Empowering the country’s agricultural sector and promoting breastfeeding are among the factors that could give children proper nutrition in aid of cognitive development.
These were the arguments that local Twitterverse presented against a senator’s remarks that the Philippine Carabao Center and the National Dairy Authority are to be “partly” blamed for Filipino children’s supposed dullness.
Yesterday, a senator at a hearing questioned what she deems as the Department of Education‘s “failed” implementation of its “Gulayan sa Paaralan” program, an organic vegetable gardening project among school communities.
“Kaya ‘yong mga estudyante niyo naging bobo na, kasi hindi niyo tinulungan sa proper nutrition. Hindi naman reason ‘yong quality of teachers alone, but the proper nutrition of school children. Especially the poor children,” Sen. Cynthia Villar said, addressing a DepEd representative.
She then criticized the PCC, an attached agency of the Department of Agriculture, and claimed that it prioritizes the supposed acquiring of private vehicles instead of allocating funds for improving the country’s dairy production.
Villar also claimed that “99%” of dairy products like milk are “imported” to other countries while only “1%” is reserved for the Philippines.
“S’yempre ‘pag mahirap ang bata, kaya bang bumili ng imported? ‘De hindi. So wala nang nagdi-drink ng milk na mahihirap na mga bata. Kaya partly to blame kayo sa kabobohan ng mga bata,” she said.
“You are partly to blame kasi talaga ang mga bata pinapainom ng milk para tumalino. Ang dairy program niyo ay partly to blame doon. Kaya hindi lang kasalanan ng DA, kasalanan din ninyo,” Villar said, referring to the PCC and the NDA.
The PCC is mandated to “conserve, propagate, and promote the Carabao as a source of milk, meat, draft powder and hide to benefit the rural farmers.”
Meanwhile, the NDA is created to “ensure the accelerated development of the Philippine dairy industry through policy direction and program implementation.”
What Twitterverse thinks
Some Filipinos, however, were not convinced that two agencies under the Department of Agriculture should be blamed for children’s perceived dullness in connection with the country’s dairy production.
A Twitter user pointed out that breast milk is still the best option when it comes to improving a child’s cognitive development.
“Push for exclusive breastfeeding in infancy… and give better supplementary food and correct eating habits!” she wrote.
“Why not promote and support breastfeeding and the like if issue yung child development sa milk consumption, ‘di ba?” another Twitter user said.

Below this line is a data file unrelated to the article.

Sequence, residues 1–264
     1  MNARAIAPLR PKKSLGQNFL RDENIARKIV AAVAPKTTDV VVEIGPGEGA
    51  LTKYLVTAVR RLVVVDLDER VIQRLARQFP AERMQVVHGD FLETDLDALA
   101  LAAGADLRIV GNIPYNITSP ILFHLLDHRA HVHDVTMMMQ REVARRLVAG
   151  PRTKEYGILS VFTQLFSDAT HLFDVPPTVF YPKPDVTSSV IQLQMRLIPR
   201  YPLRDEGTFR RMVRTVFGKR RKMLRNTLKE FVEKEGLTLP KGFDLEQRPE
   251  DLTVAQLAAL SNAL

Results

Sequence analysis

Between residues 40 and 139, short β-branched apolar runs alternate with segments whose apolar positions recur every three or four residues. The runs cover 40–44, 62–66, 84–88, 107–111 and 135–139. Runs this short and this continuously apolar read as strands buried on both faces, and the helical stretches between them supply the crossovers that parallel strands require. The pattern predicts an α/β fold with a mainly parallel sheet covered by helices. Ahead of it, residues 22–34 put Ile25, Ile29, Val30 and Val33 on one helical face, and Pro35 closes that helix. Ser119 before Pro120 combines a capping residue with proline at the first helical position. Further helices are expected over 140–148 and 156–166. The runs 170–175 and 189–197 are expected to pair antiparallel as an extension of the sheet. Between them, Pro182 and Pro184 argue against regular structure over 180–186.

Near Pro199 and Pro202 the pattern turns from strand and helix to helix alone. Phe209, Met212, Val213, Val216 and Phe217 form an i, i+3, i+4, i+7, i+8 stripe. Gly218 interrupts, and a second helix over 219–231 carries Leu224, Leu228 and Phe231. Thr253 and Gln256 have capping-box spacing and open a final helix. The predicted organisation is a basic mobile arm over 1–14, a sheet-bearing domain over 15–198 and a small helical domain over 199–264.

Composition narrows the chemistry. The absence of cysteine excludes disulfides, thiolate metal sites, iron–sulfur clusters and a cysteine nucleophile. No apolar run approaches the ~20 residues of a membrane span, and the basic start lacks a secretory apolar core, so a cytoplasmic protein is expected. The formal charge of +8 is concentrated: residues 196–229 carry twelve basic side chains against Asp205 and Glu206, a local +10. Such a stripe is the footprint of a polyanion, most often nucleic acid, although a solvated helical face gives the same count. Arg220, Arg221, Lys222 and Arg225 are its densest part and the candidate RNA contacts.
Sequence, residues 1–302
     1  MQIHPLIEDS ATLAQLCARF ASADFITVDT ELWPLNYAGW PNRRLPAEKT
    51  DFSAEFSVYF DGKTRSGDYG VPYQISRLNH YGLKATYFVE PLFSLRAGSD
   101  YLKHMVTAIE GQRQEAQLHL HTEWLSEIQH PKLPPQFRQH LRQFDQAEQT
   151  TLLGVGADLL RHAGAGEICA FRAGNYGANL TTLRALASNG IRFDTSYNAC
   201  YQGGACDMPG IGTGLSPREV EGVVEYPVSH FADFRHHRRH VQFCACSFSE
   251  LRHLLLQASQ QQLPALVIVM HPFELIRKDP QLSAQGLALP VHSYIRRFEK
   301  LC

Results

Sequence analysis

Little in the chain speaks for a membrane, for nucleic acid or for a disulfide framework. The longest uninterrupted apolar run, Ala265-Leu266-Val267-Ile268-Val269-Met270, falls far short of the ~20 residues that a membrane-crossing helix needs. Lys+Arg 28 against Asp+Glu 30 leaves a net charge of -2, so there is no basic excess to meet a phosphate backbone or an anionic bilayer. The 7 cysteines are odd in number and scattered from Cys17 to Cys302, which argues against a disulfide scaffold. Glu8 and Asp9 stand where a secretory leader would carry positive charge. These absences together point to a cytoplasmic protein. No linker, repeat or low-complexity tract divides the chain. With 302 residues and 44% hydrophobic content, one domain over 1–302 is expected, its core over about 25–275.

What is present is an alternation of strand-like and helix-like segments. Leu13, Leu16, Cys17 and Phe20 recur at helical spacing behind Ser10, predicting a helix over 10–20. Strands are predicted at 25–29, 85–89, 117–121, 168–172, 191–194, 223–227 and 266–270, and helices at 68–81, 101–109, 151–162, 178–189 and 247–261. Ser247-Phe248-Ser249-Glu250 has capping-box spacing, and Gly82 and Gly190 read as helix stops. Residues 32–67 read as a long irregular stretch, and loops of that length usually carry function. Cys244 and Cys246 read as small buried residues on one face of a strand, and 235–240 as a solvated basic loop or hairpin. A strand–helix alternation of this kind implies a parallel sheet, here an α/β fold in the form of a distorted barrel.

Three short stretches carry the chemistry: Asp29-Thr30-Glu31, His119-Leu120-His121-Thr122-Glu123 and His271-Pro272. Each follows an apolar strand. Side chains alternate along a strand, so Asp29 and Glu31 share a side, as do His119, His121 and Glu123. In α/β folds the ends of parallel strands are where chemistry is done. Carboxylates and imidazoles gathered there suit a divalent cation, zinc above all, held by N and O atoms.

Breast milk has been proven to increase certain chemicals in a baby’s brain that are linked to neurodevelopment, Science Focus reports.
The article noted that the milk “increases the amount of biochemicals that are important for brain growth and development, which could provide an early marker of improved cognition.”
Carabao milk, meanwhile, has its own benefits as well since it is considered “more nutritious” than the regular cow’s milk, according to a registered dietician nutritionist.
It has “58% more calcium, 40% more protein, and 43% less cholesterol” than cow’s milk, although its direct link with cognitive development has not yet been reported or made known.
A Twitter user also pointed out that a child’s poor cognitive performance cannot be based on milk consumption alone as there are other factors that contribute to such a predicament.
“Malnutrition and poor cognitive growth stem from a number of factors including poverty, lack of access to food/education/parental guidance, poor governance and corruption,” she wrote.
Another Filipino commented that the country’s agriculture sector should be thoroughly empowered so that it could provide sufficient nutrition to children.
“Milk isn’t the sole food that can provide proper nutrients to children. Alam mo ang pinakamalaking factor to boost nutrition? Agriculture,” the Twitter user said.
The country’s growth in agriculture, supposedly its best asset, fell “flat” in 2019 amid the outbreak of the African Swine Fever that heavily affected the livestock sector.
Last September, advocates of rice farmers revealed how the latter has been struggling to make ends meet ever since the implementation of the Rice Tarrification Law.
It allows other countries to import their rice at a cheaper price and heavily compete with local farmers’ produce.